One of the strangest things in life is how the most important skills aren’t taught at school. Many of them aren’t even discussed. Something I call the “discipline of details” comes immediately to mind. It’s one of dozens of vital life skills, many of which don’t even have a name.
No matter who you are, the ability to reliably deal with the details of life is a make-or-break skill. Some people never figure this out, and it’s painful to watch. The car doesn’t have gas when it’s needed to race off to an important appointment. The water heater dies an untimely death because it was never flushed of sediment. Cheques bounce, keys disappear, roofs leak and work deadlines don’t get met.
I’ve been a dad long enough to see how kids move from being teenagers who bump into the reality of details missed, to young adults who progressively learn that the little things in life can sometimes have big consequences. They’re worth paying attention to. But learning the “discipline of details” never seems to happen automatically nor painlessly. A little bumping into reality is usually required, but not even that’s always enough. Coaching from a bump-savvy parent is a big help, too.
When our oldest, Robert, was 18 years old, he ask for permission to build a cabin in one corner of our rural property. I didn’t hesitate to say yes. My enthusiasm wasn’t just because it would teach him what real work felt like, but also because I know it would challenge him to deal with a million details. In Robert’s case, it did this, but more, too.
Robert has a perfectionist streak, and like all perfectionists I’ve met, he operated in the realm of theory, not practice. Anyone who spends significant time building things, fixing machines, wrestling with a garden or pasture fences or any kind of physical reality, eventually has perfectionism burned out of them. The physical world does not offer the opportunity for true perfection in anything. This was hard for Robert to learn at first because so much about building never quite reaches the level of absolute perfection. A foundation, a wall, rafters and shingles only approximate perfection at the best of times.
It took Robert a lot of bumping into reality with his cabin to convert his perfectionism into what I call “the pursuit of excellence”. While perfectionism is never being happy with the results of something you do, no matter how good the results are, the pursuit of excellence is different. It’s all about aiming to do the best job you can, but being happy with the results whatever they are. Robert is now a pursuer of excellence and only occasionally lapses into perfectionism. He’s also got pretty good at details, too. In fact, he may be better than me.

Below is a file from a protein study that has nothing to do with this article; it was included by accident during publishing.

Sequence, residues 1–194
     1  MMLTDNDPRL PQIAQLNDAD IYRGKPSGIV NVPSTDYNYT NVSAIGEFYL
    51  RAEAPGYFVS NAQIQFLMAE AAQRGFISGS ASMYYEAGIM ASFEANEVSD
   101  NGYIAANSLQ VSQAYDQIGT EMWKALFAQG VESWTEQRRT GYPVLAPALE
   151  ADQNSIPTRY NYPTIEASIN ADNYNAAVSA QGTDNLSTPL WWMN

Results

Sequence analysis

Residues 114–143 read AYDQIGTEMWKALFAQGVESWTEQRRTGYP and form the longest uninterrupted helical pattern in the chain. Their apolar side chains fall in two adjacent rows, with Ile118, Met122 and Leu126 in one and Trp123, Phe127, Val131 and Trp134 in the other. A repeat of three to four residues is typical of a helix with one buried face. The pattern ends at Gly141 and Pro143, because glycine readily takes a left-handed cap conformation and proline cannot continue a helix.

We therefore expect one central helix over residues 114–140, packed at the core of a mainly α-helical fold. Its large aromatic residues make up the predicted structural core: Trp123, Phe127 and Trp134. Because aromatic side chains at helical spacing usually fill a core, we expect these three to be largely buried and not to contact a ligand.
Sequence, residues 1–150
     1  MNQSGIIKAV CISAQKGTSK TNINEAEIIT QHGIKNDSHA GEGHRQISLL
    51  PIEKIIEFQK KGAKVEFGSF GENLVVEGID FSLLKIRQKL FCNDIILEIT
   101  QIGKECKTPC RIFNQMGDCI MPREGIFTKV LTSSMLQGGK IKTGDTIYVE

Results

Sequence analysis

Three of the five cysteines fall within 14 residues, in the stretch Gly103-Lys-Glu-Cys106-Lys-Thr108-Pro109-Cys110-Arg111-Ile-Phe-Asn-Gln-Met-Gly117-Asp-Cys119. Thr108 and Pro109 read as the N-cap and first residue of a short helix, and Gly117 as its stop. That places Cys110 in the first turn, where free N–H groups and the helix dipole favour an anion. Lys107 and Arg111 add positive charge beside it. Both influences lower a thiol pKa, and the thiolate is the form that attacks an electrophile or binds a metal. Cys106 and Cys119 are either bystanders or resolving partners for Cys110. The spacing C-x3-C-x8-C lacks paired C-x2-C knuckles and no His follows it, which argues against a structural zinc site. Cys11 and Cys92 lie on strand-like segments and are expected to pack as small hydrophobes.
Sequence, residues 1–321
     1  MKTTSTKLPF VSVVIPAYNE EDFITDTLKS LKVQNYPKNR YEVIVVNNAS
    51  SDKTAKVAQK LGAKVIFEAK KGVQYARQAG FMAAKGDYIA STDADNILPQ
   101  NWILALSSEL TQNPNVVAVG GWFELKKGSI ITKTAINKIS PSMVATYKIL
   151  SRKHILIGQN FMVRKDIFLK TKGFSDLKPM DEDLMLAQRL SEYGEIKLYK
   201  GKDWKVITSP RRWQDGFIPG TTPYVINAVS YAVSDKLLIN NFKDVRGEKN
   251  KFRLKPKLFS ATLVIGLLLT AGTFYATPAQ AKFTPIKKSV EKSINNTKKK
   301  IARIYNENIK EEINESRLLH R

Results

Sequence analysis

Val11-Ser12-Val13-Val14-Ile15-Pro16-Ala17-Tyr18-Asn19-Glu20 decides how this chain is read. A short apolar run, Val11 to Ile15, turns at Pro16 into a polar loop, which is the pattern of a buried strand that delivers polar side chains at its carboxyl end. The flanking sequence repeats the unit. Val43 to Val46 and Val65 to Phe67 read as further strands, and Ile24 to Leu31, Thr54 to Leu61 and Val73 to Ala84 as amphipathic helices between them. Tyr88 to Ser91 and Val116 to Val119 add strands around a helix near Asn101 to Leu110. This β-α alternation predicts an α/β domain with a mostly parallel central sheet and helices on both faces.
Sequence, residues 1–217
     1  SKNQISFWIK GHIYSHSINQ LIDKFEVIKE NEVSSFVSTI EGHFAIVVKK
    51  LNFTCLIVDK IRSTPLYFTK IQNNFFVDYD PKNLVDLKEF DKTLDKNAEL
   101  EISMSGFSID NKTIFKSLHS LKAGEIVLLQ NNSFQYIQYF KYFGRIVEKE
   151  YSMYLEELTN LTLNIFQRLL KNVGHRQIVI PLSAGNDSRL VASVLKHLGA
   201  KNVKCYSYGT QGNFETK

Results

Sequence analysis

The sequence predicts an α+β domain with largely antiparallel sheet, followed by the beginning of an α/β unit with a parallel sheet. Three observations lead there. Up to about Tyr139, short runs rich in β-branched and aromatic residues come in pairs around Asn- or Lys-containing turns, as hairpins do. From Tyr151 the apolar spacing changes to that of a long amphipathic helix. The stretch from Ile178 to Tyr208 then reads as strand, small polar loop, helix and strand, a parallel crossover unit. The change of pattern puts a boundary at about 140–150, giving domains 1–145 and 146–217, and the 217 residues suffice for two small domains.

My wife and I have five kids, and our middle guy, Joseph, bumped into reality pretty hard last year when it came to details. Joe managed to earn a track and field scholarship for shot put at the University of Tennessee in 2016, but lets just say things didn’t go perfectly smoothly until Joe learned how to manage all the details of classes plus training and competitions. When Joseph started university he was the same age as Robert when he started his cabin. Things got a whole lot better for Joe this year when he learned to make lists and calendars part of his life. Joe isn’t a natural detail man, so none of this happened automatically. Reality can be a wonderful teacher.
So what does the discipline of details look like in the real world? For me it begins with keeping the right kind of lists, checking them and putting their contents into action. This sounds like trouble, but it hardly takes any time. The discipline of details also means never putting things off unless you have to. A couple of days ago I noticed a wiper blade failing on my van. I ordered replacements right away and now I’ve got a new set on my workbench. I’ll be installing them right after I finish this article. The same list-writing, list-checking habit helps me with projects I’m building, supplies I need for the homestead, items that need fixing and ideas for work and this website. I couldn’t do without my lists.
To some people all of this might sound like it takes the fun out of life, but I’ve found just the opposite. When you take care of details, details take care of you. Like so much in life, it requires a little more effort up front, but pays off with a lot of benefit later. Have you ever thought about the discipline of details in your own life? Let me know at [email protected].